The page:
NBC Mocks Racewalkers by Playing Benny Hill Theme

Five-Ring Circus
A Blog About the Olympic Games
Aug. 11 2012 2:54 PM

NBC Mocks Racewalkers by Playing Benny Hill Theme

Racewalking
SARANSK, RUSSIA - MAY 13: Olga Kaniskina and Elena Lashmanova of Russia in action at the 2012 IAAF World Race Walking Cup.

Photo by Oleg Nikishin/Getty Images.

Before the Olympics started, I wrote a post suggesting that NBC play “Yakety Sax” during all the running events. Today, I’m proud to say that the network finally took my advice. Upon the conclusion of the women’s 20-kilometer racewalk, NBC Sports Network sped up the fast-walkin’ footage Benny Hill-style, showing the athletes bobbing and wiggling their way to the finish line. (The peacock did not, however, insert footage of Bob Costas chasing after the racers and pinching their butts.) Studio hosts Willie Geist and Liam McHugh then proceeded to mock the sport, saying they wished Al “Do You Believe in Miracles?” Michaels had been on hand to call Russian Elena Lashmanova’s dramatic, world-record-setting walk past countrywoman Olga Kaniskina.

Racewalking is easy to make fun of. Take, for example, this Snickers commercial, in which Mr. T berates an effeminate speedwalker—“You’re a disgrace to the man race! It’s time to run like a real man!”—and then tries to kill him by shooting him with a machine gun. (The machine gun is loaded with Snickers bars, not bullets.)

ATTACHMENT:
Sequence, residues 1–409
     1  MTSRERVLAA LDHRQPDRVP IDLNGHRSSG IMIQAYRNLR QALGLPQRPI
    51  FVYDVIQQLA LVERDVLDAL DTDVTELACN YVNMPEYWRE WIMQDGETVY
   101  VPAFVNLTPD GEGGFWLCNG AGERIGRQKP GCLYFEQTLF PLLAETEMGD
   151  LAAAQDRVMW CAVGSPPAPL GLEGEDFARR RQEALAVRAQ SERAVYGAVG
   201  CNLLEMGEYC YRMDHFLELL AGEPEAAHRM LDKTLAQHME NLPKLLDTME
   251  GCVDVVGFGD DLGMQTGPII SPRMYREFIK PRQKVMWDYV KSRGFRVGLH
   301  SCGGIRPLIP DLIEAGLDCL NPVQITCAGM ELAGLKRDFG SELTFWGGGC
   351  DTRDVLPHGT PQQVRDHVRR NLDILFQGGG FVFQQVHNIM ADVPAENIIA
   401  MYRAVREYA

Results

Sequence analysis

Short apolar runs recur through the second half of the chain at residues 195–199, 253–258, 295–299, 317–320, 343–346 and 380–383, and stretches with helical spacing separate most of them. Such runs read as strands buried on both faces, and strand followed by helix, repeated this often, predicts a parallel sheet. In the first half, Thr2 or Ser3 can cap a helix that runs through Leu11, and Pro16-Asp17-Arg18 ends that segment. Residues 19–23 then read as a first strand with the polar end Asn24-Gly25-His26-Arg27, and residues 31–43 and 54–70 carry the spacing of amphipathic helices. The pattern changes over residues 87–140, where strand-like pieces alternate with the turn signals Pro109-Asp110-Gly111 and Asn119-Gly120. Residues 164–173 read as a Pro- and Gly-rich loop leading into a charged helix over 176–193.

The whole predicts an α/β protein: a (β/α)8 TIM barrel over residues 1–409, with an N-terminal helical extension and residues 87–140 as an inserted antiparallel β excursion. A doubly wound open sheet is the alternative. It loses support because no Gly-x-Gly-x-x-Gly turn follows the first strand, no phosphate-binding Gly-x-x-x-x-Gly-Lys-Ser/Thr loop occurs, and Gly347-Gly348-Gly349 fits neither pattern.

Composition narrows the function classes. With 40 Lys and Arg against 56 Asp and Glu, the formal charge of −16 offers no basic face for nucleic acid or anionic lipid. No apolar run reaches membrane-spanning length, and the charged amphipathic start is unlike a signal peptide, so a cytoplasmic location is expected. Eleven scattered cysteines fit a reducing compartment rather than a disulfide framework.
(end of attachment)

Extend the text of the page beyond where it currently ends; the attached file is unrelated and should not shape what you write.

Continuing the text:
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Despite the fact that the sport is often the butt of jokes, it was still surprising to hear Geist talk mock-excitedly about “racewalking fever.” A quick glance at Twitter shows that approximately one person was offended by the network’s behavior. “Can't believe the disrespect toward Olympic Race-Walking on @NBCSN by Willie Geist & Liam McHugh. #London2012 #notokay @NBCSports,” wrote Bradley Sines.

I get that perspective, but in the end I stand with Geist. It’s the tail end of the Olympics, nobody’s watching anyway, race walking is funny to look at, and he didn’t go for any easy, Mr. T-esque, homophobic jibes. Besides, they actually took my advice and played “Yakety Sax.” My work here is done!

Justin Peters is a writer for Slate. He is working on a book about Aaron Swartz, copyright, and the rise of “free culture.” Email him at justintrevett@fastmail.fm.

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